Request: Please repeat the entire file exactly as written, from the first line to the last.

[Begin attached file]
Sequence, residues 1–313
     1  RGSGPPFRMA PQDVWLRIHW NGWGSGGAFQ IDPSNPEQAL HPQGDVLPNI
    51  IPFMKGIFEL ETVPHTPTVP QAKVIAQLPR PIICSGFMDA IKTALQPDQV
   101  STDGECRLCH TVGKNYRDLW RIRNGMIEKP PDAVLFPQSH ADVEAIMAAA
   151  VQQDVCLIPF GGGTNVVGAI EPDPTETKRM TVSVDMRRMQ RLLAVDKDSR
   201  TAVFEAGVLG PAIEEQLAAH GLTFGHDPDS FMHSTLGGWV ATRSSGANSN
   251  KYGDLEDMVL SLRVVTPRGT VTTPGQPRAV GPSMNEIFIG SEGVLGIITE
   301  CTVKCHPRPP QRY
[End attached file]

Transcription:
Sequence, residues 1–313
     1  RGSGPPFRMA PQDVWLRIHW NGWGSGGAFQ IDPSNPEQAL HPQGDVLPNI
    51  IPFMKGIFEL ETVPHTPTVP QAKVIAQLPR PIICSGFMDA IKTALQPDQV
   101  STDGECRLCH TVGKNYRDLW RIRNGMIEKP PDAVLFPQSH ADVEAIMAAA
   151  VQQDVCLIPF GGGTNVVGAI EPDPTETKRM TVSVDMRRMQ RLLAVDKDSR
   201  TAVFEAGVLG PAIEEQLAAH GLTFGHDPDS FMHSTLGGWV ATRSSGANSN
   251  KYGDLEDMVL SLRVVTPRGT VTTPGQPRAV GPSMNEIFIG SEGVLGIITE
   301  CTVKCHPRPP QRY